NEW YORK (CNNMoney) -- Netflix is launching new, unlimited DVD-only plans in the U.S. -- but as a part of that move, it's scrapping unlimited plans that include both physical DVDs and online streaming.
Subscription movie rental service Netflix () said Tuesday that the changes are meant to "better reflect the costs" of each option. The changes cut prices slightly for customers who only want DVDs, but streaming video will now cost extra. Customers who want both options will essentially have to pay for two plans, raising their overall bill.
Netflix's unlimited streaming-only plan will remain at $7.99 a month, while its "1 DVD at a time" plan will also cost $7.99. That means customers who want both streaming and DVDs will have to shell out at least $15.98 a month.
That's a big jump from the $9.99 a month customers currently pay for a plan that offers unlimited streaming plus 1 DVD at a time.
The changes will be effective immediately for new customers and will take effect September 1 for existing members, Netflix said.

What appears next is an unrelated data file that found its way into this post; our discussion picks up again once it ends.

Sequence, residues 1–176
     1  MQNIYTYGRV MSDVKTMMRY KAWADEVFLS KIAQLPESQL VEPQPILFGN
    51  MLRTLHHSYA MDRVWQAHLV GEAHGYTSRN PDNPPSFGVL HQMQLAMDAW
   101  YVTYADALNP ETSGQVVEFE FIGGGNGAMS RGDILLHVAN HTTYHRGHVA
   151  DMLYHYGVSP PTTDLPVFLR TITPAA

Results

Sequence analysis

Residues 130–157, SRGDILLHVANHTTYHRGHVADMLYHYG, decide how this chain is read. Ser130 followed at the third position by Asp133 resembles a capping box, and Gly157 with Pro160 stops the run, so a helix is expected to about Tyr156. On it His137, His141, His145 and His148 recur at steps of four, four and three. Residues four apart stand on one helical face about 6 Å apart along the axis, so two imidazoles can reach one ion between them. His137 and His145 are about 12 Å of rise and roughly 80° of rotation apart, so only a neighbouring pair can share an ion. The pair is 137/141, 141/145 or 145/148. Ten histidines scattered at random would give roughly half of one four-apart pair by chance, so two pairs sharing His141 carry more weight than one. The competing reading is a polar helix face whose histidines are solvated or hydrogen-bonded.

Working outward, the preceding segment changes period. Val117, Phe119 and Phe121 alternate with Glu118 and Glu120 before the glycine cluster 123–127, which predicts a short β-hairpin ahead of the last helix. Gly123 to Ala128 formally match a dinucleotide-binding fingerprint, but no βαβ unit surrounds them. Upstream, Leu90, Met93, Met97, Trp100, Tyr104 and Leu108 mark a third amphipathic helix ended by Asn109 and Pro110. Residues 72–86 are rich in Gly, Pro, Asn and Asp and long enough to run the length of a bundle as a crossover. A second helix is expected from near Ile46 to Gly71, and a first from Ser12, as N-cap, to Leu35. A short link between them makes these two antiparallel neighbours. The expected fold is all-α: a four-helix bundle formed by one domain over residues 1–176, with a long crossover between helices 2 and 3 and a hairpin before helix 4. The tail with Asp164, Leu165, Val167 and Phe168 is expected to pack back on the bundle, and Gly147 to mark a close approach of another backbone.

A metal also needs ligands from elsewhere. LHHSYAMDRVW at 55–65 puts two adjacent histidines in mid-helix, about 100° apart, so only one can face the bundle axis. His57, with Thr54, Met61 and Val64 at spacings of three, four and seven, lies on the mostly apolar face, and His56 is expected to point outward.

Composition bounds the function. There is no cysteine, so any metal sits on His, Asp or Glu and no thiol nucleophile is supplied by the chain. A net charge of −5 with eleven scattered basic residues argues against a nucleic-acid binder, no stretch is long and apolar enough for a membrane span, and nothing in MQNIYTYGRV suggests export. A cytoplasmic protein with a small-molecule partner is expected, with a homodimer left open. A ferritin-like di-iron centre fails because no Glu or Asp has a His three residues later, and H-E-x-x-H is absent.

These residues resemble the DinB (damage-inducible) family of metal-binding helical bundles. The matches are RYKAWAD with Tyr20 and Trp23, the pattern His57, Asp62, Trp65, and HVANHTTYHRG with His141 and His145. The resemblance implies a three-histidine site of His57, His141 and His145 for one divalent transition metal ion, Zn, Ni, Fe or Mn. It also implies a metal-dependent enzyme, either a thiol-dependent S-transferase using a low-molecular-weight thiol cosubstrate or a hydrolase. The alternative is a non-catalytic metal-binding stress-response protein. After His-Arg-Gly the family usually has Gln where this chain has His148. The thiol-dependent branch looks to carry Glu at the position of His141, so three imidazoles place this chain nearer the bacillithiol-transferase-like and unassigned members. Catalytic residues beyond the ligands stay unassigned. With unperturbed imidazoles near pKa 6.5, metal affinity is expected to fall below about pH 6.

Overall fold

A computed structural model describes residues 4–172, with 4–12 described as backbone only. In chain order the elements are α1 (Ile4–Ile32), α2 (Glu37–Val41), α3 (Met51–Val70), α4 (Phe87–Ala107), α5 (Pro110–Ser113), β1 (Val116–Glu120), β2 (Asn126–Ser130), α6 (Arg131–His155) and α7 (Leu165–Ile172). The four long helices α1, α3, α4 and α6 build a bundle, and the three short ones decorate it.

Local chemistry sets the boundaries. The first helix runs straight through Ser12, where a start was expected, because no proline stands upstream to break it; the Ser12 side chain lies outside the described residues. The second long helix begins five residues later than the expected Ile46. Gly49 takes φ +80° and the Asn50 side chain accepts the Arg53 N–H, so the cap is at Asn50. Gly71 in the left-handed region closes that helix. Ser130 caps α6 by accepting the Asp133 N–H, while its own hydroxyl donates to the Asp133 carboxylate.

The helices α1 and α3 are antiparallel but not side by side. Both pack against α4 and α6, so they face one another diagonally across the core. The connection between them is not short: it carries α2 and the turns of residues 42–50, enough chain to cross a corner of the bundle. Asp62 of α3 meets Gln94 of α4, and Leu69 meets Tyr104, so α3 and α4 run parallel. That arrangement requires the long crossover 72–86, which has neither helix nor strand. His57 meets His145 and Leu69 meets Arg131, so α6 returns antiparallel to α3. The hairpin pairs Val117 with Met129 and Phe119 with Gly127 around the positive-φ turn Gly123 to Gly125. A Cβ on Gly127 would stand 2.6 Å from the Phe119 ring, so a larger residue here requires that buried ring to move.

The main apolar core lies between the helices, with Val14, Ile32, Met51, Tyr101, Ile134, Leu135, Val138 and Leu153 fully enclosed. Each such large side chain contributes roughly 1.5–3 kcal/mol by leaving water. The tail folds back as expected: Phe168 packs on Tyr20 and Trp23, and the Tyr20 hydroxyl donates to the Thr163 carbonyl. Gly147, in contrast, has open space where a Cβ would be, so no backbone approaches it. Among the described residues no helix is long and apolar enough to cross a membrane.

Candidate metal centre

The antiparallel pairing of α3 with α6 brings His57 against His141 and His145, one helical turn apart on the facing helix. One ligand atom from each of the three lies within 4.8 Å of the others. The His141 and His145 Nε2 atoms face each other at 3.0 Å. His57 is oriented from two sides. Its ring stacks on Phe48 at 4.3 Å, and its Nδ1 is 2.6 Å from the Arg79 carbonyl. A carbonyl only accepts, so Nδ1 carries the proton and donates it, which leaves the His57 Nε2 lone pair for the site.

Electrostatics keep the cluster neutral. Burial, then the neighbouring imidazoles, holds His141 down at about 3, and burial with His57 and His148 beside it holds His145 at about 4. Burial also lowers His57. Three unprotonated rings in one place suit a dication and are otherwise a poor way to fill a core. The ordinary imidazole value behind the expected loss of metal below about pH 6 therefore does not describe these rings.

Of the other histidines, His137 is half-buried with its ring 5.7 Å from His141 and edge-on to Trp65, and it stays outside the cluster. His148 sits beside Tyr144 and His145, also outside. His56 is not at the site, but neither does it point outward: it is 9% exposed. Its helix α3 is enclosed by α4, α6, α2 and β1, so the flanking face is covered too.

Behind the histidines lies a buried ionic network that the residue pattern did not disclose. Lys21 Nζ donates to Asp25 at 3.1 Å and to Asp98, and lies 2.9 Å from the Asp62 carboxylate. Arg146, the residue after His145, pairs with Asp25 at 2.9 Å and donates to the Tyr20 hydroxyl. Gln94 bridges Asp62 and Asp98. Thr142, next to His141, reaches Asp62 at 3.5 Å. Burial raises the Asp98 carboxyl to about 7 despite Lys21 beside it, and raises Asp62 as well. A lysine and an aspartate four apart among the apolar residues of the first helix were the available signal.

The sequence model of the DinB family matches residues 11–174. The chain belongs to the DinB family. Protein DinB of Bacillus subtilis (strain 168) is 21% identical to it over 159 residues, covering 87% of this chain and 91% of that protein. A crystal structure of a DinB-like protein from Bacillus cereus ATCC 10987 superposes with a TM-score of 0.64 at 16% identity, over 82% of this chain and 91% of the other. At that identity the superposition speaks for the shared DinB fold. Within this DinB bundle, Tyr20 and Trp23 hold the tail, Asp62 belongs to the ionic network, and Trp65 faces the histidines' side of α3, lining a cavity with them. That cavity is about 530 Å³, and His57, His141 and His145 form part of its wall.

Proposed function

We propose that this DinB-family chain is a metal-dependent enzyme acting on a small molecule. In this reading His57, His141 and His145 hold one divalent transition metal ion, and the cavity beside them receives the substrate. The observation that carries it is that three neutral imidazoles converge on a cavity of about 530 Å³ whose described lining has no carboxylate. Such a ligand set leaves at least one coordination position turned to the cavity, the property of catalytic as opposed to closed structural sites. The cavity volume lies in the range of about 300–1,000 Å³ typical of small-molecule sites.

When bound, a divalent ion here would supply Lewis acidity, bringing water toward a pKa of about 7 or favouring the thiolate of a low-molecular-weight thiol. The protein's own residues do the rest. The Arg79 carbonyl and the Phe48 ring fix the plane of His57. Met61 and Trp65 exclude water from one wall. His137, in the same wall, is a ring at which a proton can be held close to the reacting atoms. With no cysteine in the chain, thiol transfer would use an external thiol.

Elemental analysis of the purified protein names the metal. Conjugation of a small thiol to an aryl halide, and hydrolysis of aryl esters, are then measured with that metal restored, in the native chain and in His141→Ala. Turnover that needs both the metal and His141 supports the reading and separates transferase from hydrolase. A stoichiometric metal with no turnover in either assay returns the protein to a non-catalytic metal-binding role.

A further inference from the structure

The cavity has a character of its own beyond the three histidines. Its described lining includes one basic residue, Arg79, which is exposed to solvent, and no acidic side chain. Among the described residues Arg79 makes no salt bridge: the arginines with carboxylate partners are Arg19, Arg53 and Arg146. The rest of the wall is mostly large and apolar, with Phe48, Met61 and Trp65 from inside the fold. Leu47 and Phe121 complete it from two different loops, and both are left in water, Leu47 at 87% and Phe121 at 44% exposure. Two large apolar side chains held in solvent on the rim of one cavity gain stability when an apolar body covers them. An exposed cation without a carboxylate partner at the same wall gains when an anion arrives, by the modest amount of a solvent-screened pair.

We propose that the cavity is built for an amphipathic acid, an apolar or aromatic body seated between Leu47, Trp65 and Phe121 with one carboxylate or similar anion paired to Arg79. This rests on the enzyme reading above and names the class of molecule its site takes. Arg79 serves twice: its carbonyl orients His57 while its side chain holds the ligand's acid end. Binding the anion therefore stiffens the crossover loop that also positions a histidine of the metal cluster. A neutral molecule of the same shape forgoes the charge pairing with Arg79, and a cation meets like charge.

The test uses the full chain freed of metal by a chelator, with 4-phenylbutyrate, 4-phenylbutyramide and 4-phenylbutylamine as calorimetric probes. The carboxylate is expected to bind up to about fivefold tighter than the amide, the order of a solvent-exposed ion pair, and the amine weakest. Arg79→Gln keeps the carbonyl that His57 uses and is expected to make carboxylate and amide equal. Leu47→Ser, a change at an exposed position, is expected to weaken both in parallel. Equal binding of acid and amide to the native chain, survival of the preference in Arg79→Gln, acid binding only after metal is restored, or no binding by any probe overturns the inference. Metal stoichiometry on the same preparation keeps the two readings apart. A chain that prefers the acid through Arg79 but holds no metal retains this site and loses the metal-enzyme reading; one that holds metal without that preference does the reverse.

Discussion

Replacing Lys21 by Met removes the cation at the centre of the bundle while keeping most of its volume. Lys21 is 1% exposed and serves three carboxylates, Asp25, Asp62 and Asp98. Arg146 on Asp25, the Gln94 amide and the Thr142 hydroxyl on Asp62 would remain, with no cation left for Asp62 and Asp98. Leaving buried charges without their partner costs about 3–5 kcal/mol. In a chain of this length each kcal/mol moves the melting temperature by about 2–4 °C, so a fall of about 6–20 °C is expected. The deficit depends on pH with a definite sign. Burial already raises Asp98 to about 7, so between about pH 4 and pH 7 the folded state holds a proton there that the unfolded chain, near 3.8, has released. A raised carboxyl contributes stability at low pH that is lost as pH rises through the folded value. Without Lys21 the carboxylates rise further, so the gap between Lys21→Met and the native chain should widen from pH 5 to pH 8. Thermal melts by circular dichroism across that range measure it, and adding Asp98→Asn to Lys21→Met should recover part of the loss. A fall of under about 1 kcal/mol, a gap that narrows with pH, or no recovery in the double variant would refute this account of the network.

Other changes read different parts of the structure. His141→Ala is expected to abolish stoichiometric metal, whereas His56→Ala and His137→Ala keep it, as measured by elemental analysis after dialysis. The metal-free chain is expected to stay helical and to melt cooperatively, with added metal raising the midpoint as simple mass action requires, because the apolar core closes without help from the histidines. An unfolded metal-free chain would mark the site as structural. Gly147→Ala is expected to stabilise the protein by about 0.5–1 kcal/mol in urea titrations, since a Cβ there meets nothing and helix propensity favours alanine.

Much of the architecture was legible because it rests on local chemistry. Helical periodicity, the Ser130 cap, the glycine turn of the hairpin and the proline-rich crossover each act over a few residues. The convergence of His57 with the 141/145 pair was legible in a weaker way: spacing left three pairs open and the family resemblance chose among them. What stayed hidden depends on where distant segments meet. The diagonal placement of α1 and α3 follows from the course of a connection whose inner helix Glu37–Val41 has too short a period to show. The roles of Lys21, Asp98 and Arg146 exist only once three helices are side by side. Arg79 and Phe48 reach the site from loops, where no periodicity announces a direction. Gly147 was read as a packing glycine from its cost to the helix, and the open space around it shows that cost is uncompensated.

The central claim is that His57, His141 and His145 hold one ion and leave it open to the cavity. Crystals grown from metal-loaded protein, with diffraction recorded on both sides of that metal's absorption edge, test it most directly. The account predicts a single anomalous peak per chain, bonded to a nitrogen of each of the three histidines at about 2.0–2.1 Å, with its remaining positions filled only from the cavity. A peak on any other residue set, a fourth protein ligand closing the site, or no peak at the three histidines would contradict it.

The move comes as Netflix continues to shift its focus toward online streaming video -- an option that, while popular, costs Netflix loads of cash as studios start commanding higher prices for their content.
Netflix's announcement sparked an immediate and loud backlash from customers. By Tuesday afternoon, more than 3,000 comments filled the Netflix blog post announcing the changes -- most overwhelmingly negative. Hundreds of commenters said they would cancel their plan, some in favor of rival streaming offerings from Hulu and Amazon ( , Fortune 500).
Others planned to stock up on DVDs from rental kiosk Redbox (owned by Coinstar (working on its own streaming service to take on Netflix.)), which said earlier this year that it is
"The only way that this is terrific for the customer is if you plan to offer your entire collection available for streaming," one respondent wrote on Netflix's blog. "Otherwise this is just yet another way to choke more change out of your customers."
"You've decided to raise customer rates during a period of economic downturn, when people are struggling to pay for basic necessities," another customer wrote. "You're forcing me to pay more for products and services I've paid for loyally for quite a while now. You're really, REALLY making me reconsider this business relationship."
|What we want Apple to unveil at WWDC|
|Millennials squeezed out of buying a home|
|7 traits the rich have in common|
|Big Data knows you're sick, tired and depressed|
|Your car is a giant computer - and it can be hacked|